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New technology allows for safer, more precise removal of plaque during atherectomy procedure

New technology allows for safer, more precise removal of plaque during atherectomy procedure

Rush Oak Park Hospital is the first hospital in the surrounding area to acquire and use a newly approved technology that allows vascular surgeons to see in real-time the plaque they are removing during an atherectomy, a minimally invasive procedure that helps treat peripheral artery disease (PAD). [More]
Implantable brain device shows promising results in animal study

Implantable brain device shows promising results in animal study

An implantable brain device that literally melts away at a pre-determined rate minimizes injury to tissue normally associated with standard electrode implantation, according to research led by a team from the Perelman School of Medicine at the University of Pennsylvania. [More]
Older adults become more sensitive to pain, study shows

Older adults become more sensitive to pain, study shows

When older relatives complain about their pains, show a little empathy, because new research suggests that as we age, we may all become more sensitive to pain. A small, preliminary University of Florida Health study has suggested for the first time that inflammation may occur more quickly and at a higher magnitude -- and stays around longer -- when older adults experience pain versus when younger adults experience pain. [More]
Promising specialty medical home approach to patient-centered, cost-effective care for IBD patients

Promising specialty medical home approach to patient-centered, cost-effective care for IBD patients

A specialty medical home--providing expert medical care coordinated with attention to social support and mental health--is a promising new approach to patient-centered, cost-effective care for patients with Crohn's disease and ulcerative colitis, according to a special "Future Directions" paper in the May issue of Inflammatory Bowel Diseases, official journal of the Crohn's & Colitis Foundation of America. The journal is published by Wolters Kluwer. [More]
Bayer-new phase 3 liver cancer data

Bayer-new phase 3 liver cancer data

Bayer has announced that a Phase III trial evaluating its oncology compound Stivarga® (regorafenib) tablets for the treatment of patients with unresectable hepatocellular carcinoma (HCC) has met its primary endpoint of a statistically significant improvement in overall survival. The study, called RESORCE, evaluated the efficacy and safety of regorafenib in patients with HCC whose disease has progressed after treatment with sorafenib. The safety and tolerability were generally consistent with the known profile of regorafenib. Detailed efficacy and safety analyses from this study are expected to be presented at an upcoming scientific congress. [More]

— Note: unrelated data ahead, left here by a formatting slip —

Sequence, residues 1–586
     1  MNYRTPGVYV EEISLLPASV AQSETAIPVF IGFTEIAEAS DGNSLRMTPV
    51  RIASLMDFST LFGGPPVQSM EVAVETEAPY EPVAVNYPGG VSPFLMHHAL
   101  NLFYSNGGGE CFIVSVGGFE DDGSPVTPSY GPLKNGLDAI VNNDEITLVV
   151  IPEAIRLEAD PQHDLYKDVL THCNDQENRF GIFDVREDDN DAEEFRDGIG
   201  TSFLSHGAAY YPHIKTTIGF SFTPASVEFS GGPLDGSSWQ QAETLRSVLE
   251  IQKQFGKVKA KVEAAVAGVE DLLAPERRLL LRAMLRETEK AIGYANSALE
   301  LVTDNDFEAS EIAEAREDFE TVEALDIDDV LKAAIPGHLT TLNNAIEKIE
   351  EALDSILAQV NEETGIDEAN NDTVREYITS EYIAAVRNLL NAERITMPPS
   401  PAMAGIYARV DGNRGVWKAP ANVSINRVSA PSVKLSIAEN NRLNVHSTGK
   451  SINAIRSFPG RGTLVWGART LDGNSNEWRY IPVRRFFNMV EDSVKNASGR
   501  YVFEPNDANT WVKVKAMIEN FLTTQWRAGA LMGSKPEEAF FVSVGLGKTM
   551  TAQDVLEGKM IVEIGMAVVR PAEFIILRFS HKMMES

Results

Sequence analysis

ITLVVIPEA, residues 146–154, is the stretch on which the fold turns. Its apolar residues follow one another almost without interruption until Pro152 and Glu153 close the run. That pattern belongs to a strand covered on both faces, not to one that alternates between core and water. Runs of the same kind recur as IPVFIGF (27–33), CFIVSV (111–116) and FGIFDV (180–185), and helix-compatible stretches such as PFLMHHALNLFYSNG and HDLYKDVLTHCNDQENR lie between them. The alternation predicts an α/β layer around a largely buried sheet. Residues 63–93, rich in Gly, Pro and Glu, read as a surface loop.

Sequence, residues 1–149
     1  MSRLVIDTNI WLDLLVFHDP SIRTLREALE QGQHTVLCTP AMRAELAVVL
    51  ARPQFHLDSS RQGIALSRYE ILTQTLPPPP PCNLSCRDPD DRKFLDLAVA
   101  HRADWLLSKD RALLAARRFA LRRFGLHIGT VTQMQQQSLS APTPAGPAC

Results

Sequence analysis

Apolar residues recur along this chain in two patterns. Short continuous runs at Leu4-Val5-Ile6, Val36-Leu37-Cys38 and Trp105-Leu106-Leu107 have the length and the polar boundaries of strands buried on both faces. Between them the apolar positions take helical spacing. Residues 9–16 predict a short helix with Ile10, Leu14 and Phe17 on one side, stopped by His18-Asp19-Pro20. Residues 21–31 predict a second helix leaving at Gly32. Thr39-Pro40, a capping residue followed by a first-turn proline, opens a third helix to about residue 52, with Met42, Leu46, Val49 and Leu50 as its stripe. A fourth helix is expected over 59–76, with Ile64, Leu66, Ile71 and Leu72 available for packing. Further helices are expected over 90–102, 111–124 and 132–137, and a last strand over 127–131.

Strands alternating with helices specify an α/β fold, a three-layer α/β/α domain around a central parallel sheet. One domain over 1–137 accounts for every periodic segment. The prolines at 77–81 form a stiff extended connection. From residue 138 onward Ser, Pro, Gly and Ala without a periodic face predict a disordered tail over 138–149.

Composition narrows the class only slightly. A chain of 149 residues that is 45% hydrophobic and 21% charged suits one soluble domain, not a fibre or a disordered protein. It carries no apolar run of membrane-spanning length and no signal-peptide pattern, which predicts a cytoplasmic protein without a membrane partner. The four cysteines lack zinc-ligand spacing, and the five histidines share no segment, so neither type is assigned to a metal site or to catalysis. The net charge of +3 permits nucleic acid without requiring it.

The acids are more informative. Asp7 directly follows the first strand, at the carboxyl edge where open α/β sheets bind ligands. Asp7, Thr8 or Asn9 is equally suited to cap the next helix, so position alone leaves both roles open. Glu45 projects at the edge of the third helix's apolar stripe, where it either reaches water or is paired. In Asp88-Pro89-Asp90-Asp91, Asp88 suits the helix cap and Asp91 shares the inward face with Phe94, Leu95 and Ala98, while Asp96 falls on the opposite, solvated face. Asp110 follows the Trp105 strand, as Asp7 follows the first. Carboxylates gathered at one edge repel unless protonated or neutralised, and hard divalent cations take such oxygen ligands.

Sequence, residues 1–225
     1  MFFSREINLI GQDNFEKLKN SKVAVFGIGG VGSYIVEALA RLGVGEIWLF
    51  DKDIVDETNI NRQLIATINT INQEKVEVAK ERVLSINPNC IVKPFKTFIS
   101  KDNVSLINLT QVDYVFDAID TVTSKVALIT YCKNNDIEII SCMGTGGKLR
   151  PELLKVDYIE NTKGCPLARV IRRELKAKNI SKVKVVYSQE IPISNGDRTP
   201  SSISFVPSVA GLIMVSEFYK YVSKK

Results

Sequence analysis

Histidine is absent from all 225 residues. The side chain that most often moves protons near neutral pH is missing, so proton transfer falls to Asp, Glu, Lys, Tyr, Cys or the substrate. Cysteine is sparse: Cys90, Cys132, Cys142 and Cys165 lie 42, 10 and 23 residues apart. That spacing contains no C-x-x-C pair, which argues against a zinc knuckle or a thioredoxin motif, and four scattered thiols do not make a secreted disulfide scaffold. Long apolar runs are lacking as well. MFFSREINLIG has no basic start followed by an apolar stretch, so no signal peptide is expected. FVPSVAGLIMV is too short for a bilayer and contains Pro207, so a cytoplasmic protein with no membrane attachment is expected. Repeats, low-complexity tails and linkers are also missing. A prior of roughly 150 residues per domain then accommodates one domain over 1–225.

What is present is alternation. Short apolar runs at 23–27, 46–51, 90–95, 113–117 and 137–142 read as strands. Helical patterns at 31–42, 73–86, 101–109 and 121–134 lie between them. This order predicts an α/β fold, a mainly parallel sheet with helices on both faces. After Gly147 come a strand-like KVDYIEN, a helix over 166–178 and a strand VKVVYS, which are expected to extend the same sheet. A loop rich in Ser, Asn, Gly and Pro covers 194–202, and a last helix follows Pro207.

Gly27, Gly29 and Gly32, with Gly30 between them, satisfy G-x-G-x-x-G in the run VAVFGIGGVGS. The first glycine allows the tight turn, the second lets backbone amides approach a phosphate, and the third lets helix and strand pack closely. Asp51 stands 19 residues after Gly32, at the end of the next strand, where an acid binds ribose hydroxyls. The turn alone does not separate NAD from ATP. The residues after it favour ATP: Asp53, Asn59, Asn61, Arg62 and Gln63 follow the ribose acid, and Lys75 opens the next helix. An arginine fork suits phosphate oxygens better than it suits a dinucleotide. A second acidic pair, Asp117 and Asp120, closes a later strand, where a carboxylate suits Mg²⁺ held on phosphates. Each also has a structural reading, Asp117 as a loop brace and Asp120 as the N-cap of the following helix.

Diabetes risk linked to increased dosage, duration and timing of steroids

Diabetes risk linked to increased dosage, duration and timing of steroids

Glucocorticoid (or steroid) therapy, prescribed to around half of patients with rheumatoid arthritis, is a known risk factor for developing diabetes. A study from The University of Manchester has found how the risk of diabetes increases in relation to the dosage, duration and timing of steroids. [More]
Xiao procedure lacks efficacy for bladder control in children

Xiao procedure lacks efficacy for bladder control in children

Researchers at Johns Hopkins All Children's Hospital report the results of a double-blinded randomized controlled trial of the "Xiao procedure" in children with spina bifida. [More]
New study shows women susceptible to pain-relieving placebo effect of vasopressin

New study shows women susceptible to pain-relieving placebo effect of vasopressin

A new study in the current issue of Biological Psychiatry suggests that women are particularly susceptible to the pain-relieving placebo effect of vasopressin. [More]
Study identifies shortfall in uptake of influenza, pneumococcal vaccination among RA patients

Study identifies shortfall in uptake of influenza, pneumococcal vaccination among RA patients

Research from The University of Manchester has found a shortfall in the uptake of influenza and pneumococcal vaccinations among those diagnosed with rheumatoid arthritis (RA), potentially increasing their infection risk. [More]
Rare germ cell tumor creates unique bond between two young women

Rare germ cell tumor creates unique bond between two young women

Morgan Ellison and Madison McDaniel were diagnosed with a rare germ cell tumor of the ovary earlier this year. The two strangers would soon form a unique bond during their treatment in Birmingham, Alabama. [More]
Scientists unveil reasons why NSAIDs, pain killers may increase heart disease risk

Scientists unveil reasons why NSAIDs, pain killers may increase heart disease risk